of today™s realm. Whenever Eve detects two photons All eavesdropping strategies discussed up to now con-
in the same output, she sends a photon in the corre- sisted of Eve™s attempt to get a maximum information
sponding state into Bob™s apparatus. Since Eve™s infor- out of the qubits exchanged by Alice and Bob. But Eve
mation is classical, she can overcome all the losses of the can also follow a completely di¬erent strategy: she can
quantum channel. In all other cases, Eve sends noth- herself send signals that enter Alice and Bob™s o¬ces
ing to Bob. In this way, Eve sends a fraction 3/8 of the through the quantum channel. This kind of strategies
pulses containing at least 2 photons to Bob. On these, are called Trojan horse attacks. For example, Eve can
she introduces a QBER=1/6 and gets an information send light pulses into the ¬ber entering Alice or Bob ap-
I(A, E) = 2/3 = 4 · QBER. Bob doesn™t see any re- paratuses and analyze the backre¬‚ected light. In this
duction in the number of detected photons, provided the way, it is in principle possible to detect which laser just
transmission coe¬cient of the quantum channel t satis- ¬‚ashed, or which detector just ¬red, or the settings of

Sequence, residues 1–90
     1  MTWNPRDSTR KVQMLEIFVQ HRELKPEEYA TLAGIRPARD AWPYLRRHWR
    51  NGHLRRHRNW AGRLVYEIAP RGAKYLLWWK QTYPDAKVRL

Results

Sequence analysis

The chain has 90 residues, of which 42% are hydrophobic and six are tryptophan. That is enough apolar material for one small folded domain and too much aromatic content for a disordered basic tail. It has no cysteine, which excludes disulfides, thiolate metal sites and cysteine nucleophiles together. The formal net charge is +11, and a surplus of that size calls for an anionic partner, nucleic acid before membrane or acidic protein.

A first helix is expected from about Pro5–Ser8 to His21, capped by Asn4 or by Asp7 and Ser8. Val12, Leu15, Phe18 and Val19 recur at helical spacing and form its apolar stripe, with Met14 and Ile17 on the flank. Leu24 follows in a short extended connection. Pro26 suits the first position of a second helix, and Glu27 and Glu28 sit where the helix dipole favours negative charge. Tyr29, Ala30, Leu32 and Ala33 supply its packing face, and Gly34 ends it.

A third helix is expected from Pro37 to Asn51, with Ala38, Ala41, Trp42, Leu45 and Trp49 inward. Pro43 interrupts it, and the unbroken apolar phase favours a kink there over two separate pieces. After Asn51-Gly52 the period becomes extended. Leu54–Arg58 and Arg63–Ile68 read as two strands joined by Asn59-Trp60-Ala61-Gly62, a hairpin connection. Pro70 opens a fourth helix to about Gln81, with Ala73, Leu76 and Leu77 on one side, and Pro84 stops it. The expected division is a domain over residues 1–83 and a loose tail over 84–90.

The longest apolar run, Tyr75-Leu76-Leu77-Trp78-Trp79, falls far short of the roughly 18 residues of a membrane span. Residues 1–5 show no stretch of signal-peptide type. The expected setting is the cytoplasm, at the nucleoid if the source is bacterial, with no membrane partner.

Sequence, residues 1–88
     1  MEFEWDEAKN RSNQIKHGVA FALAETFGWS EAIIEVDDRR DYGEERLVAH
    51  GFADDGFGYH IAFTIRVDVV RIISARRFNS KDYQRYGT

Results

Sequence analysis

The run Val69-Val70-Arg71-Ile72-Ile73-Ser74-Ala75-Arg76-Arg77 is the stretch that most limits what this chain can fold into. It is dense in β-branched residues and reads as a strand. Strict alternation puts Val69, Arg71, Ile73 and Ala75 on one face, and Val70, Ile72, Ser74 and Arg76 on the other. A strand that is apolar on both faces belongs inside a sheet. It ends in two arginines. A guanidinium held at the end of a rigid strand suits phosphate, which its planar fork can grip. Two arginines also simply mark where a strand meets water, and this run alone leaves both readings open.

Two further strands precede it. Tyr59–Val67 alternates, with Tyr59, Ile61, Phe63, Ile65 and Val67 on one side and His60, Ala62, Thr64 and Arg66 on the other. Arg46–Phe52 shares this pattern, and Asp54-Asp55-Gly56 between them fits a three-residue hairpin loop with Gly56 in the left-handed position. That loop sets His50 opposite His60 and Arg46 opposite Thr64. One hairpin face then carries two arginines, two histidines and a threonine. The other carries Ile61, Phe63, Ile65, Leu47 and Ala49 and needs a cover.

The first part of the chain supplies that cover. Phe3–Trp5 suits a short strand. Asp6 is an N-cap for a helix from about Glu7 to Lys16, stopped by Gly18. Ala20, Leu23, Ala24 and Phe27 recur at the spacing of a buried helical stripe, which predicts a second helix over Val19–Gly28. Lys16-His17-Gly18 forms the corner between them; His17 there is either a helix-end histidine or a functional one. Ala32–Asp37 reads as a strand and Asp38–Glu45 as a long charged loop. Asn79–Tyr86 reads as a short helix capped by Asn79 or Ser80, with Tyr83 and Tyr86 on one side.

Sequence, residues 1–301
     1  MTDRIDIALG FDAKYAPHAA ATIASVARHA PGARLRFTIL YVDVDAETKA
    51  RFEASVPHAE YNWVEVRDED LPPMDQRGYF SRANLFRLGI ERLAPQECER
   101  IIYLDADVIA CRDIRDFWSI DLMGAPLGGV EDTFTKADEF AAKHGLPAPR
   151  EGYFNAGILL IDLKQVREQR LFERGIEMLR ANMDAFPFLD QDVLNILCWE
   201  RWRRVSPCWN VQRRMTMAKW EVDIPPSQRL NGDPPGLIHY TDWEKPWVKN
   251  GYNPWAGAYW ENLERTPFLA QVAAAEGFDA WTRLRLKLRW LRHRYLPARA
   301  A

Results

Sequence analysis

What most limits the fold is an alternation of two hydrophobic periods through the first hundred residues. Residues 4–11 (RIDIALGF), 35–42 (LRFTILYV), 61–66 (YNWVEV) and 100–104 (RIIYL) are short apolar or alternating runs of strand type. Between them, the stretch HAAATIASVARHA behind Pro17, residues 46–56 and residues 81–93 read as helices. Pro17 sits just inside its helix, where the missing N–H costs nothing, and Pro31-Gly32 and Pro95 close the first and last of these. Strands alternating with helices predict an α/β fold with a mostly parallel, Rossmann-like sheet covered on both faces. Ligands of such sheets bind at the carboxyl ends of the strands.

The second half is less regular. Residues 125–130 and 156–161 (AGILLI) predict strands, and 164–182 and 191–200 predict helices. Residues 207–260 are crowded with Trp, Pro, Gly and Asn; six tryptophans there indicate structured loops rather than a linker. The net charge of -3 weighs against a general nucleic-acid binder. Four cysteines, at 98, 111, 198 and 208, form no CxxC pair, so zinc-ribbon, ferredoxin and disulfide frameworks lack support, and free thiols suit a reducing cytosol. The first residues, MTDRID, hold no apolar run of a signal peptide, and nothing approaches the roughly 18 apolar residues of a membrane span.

¬es: phase and polarization modulators. This cannot be sim-
ply prevented by using a shutter, since Alice and Bob
3 3µ
t¤ P rob(n ≥ 2|n ≥ 1) ≈ (77) must leave the “door open” for the photons to go out
8 16
and in, respectively.
In most QC-setups the amount of backre¬‚ected light
where the last expression assumes Poissonian photon dis-
can be made very small and sensing the apparatuses with
tribution. Accordingly, for a ¬xed QBER, this attacks
light pulses through the quantum channel is di¬cult.
provides Eve with twice the information she would get
Nevertheless, this attack is especially threatening in the
using the intercept resend strategy. To counter such an
plug-&-play scheme on Alice™s side (section IV C 2), since
attack, Alice should use a mean photon number µ such
a mirror is used to send the light pulses back to Bob.
that Eve can only use this attack on a fraction of the
So in principle, Eve can send strong light pulses to Alice
pulses. For example, Alice could use pulses weak enough
and sense the applied phase shift. However, by applying
that Eve™s mean information gain is identical to the one
the phase shift only during a short time ∆tphase (a few
she would obtain with the simple intercept resend strat-
nanoseconds), Alice can oblige Eve to send the spying
egy (see paragraph II C 3). For 10, 14 and 20 dB at-
pulse at the same time as Bob. Remember that in the
tenuation, this corresponds to µ = 0.25, 0.1 and 0.025,
plug-&-play scheme pulse coming from Bob are macro-
scopic and an attenuator at Alice reduces them to the

below one photon level, say 0.1 photons per pulse. Hence, To conclude this chapter, let us brie¬‚y elaborate on
if Eve wants to get, say 1 photon per pulse, she has to the di¬erences and similarities between technological and
send 10 times Bob™s pulse energy. Since Alice is detect- mathematical complexity and on their possible connec-
ing Bob™s pulses for triggering her apparatus, she must tions and implications. Mathematical complexity means
be able to detect an increase of energy of these pulses that the number of steps needed to run complex algo-